Testosterone Therapy and Overall Health
_Listen Up Men, The Benefits of Testosterone Therapy May Be More Than You Think _
Testosterone is a hormone that is made by the testicles and the adrenal gland. It is an androgen, and this group of hormones is associated with growth of muscle mass, increase strength, increased bone density, maturation of the male sex organ, deepening of the voice, growth of facial and axillary hair. Testosterone also is crucial for sperm production. This hormone also controls male libido.
The Attention Around Testosterone Therapy
Recently there has been a huge amount of attention placed on testosterone replacement therapy. A day does not go by without seeing an advertisement from a law firm looking for patients who have received testosterone replacement therapy and have suffered heart attacks or strokes. In 2015 the FDA required a change in labeling of testosterone replacement products clarifying the approved uses of these medications as well as including information about a possible increased risk of heart attacks and strokes. Anybody considering testosterone replacement therapy must discuss these risks with their physicians prior to beginning any replacement therapy.
The Dangers of Low Testosterone
Low testosterone levels are associated with a loss in sex drive, erectile dysfunction, fatigue, and depression. Decreases in bone density may also be seen in those with low testosterone and may lead to higher rates of fracture. Low levels however may not always be associated with these symptoms.
Interestingly, in 2007, a study from the United Kingdom identified an inverse relationship between naturally occurring testosterone levels and cardiovascular disease and cancer. Those with lower testosterone levels had increased risks of death related to cardiovascular disease and cancer. Studies like these have led many to begin the use of testosterone replacement therapy for those demonstrating testosterone deficiency.
How Does Testosterone Therapy Help?
Although there are conflicting results regarding this association, studies such as this do provide evidence that testosterone is associated with overall male health. Satisfactory testosterone levels are associated with decreased lean body mass, decreased visceral fat mass, decreased total cholesterol and better control of blood sugars.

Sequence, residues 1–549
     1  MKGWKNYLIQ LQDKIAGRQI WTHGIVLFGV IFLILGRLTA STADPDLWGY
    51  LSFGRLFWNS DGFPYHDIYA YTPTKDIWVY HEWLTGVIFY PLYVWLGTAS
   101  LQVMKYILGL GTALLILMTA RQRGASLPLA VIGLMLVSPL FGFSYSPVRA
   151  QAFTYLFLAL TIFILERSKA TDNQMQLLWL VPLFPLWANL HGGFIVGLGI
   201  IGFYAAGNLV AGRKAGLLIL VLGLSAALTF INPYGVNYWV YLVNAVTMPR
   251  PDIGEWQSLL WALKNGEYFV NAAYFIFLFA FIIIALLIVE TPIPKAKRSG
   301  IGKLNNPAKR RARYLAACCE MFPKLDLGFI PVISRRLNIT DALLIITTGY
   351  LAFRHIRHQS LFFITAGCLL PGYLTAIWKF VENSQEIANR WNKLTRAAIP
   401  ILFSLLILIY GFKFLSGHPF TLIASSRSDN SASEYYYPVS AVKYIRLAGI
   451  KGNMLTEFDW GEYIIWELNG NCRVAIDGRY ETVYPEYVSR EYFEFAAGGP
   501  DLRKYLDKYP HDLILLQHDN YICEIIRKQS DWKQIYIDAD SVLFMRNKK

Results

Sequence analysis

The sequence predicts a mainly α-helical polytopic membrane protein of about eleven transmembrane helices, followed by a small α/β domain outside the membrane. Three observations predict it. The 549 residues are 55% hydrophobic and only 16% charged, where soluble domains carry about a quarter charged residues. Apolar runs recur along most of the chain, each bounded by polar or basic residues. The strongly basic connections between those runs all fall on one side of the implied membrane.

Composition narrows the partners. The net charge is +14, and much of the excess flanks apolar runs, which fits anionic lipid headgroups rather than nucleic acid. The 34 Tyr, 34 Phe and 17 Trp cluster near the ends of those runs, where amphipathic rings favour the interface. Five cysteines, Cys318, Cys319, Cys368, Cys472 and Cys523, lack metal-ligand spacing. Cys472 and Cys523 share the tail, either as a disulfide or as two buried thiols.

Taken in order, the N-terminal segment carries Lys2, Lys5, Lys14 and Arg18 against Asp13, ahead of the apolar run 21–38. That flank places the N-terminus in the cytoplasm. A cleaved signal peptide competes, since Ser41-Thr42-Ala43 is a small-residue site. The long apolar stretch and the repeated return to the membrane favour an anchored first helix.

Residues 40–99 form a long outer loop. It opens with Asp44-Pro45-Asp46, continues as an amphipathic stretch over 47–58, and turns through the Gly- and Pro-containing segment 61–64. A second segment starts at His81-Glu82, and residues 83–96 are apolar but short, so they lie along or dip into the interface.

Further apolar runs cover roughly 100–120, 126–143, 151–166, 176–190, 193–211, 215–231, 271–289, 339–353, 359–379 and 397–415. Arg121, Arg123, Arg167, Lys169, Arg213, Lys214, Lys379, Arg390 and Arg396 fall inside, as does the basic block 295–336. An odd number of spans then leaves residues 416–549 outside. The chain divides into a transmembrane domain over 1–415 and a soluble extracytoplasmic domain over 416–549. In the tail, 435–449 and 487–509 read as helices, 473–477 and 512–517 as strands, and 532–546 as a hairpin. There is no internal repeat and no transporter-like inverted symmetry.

Why You Should Work Closely With A Doctor When Considering Testosterone Therapy
Testosterone is closely related to male hair loss. Dihydrotestosterone (DHT) is a byproduct of testosterone and causes hair follicles to regress and die over time. This causes male premature balding. Excessive levels of testosterone can result in increased levels of DHT, and this can accelerate the balding process. DHT is also the substance that results in the enlargement of the prostate. However studies demonstrate that although lower levels of testosterone may be seen in patients with male pattern balding, they tend to have the same amount of DHT, leading us to believe that genetics play the bigger role. Testosterone replacement therapy will not cause you to lose your hair.
Testosterone replacement therapy can certainly be beneficial, however it must be carefully used. Side effects such as enlargement of the breasts may be seen. Increases in red blood cell production may be seen and this needs to be closely monitored. This undesirable side effect is most likely the cause of some of the cardiovascular side effects that we are encountering. I have seen many patients who have received the benefit that they were seeking with regards to an increase in sexual desire once they were placed on replacement therapy, only to have to stop using the medication as a result of a significant rise in their blood counts.
Testosterone Therapy And Its Role In Male Health
Testosterone replacement therapy in patients who demonstrate deficiency can definitely help with more than just improving one’s sexual drive. Mood, weight and overall concentration can also benefit. Those who are trying to conceive need to be under the care of a Urologist as replacement can turn off the body’s natural ability to produce testosterone and can affect sperm production.
Jay Motola, MD, is a board-certified urologist and attending physician, Department of Urology, Mount Sinai West, and Assistant Professor of Urology, Icahn School of Medicine at Mount Sinai. Dr. Motola is a summa cum laude, Phi Beta Kappa graduate of Boston University, and earned his medical degree at the State University of New York at Stony Brook.